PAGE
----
Traumatic Brain Injuries: What You Should Know

Motor vehicle crashes are the second leading cause of traumatic brain injury-related hospitalizations in the United States. According to the Centers for Disease Control and Prevention, 155 people die every day from traumatic brain damage.

Knowing how to spot the signs of traumatic brain damage may help minimize the effects of the injury. Furthermore, proper safety precautions may lead to the prevention of an injury.

How do brain injuries occur?

The human brain sits suspended in fluid within the skull cavity. A sudden impact or jolt to the head may cause the soft tissue to hit the hard bone of the skull, leaving bruising, swelling, and bleeding. The brain may also become damaged if an object penetrates the skull bone and pierces the tissue.

It is important to realize that some cases of brain trauma may go unrecognized. The signs may get attributed to another ailment or may take several days to appear after the accident occurred.

What are the signs of brain trauma?

The signs of trauma may vary depending on what area of the brain is injured as well as the severity of the injury. According to the National Institute of Neurological Disorders and Stroke, symptoms of mild brain injuries include blurred vision, headaches, dizziness, confusion, trouble concentrating, memory problems, mood changes, and fatigue.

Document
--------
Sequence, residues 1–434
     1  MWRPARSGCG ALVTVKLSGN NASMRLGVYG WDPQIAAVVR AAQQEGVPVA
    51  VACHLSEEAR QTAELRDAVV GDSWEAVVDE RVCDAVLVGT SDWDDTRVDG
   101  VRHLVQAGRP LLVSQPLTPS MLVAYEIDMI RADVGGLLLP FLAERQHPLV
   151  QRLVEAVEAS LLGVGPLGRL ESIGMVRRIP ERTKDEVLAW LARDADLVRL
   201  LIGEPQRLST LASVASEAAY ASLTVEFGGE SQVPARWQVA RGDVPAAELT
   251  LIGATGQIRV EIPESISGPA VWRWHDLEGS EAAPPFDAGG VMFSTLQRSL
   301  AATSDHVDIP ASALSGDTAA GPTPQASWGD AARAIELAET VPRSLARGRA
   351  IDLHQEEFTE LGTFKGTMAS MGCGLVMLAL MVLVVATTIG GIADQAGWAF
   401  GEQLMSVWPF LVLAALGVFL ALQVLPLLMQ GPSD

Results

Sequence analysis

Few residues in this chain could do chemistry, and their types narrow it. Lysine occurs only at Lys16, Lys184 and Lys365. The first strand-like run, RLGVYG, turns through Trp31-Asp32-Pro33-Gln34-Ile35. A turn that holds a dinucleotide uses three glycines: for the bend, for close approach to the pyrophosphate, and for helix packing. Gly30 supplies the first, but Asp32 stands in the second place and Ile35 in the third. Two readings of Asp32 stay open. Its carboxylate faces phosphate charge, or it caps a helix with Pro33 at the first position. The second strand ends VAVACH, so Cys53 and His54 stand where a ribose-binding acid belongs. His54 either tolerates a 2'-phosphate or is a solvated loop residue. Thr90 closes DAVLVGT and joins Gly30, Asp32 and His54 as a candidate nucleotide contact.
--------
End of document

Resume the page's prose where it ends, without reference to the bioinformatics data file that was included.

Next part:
Severe trauma, on the other hand, may include the following:

  • Headaches with increased intensity
  • Nausea and vomiting
  • Slurred speech
  • Muscle weakness and tingling in the extremities
  • Sensory deficiencies
  • Seizures and convulsions

It is critical to seek immediate medical attention if you spot the signs of any trauma. Doctors can create a treatment plan based on your particular needs. This may include physical therapy, occupational therapy, medical treatment, psychology, and speech therapy.


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We are dedicated to supporting families during the most challenging times, with a focus exclusively on cases involving catastrophic injuries or the loss of a loved one. Please reach out if you have any questions. We look forward to speaking with you.

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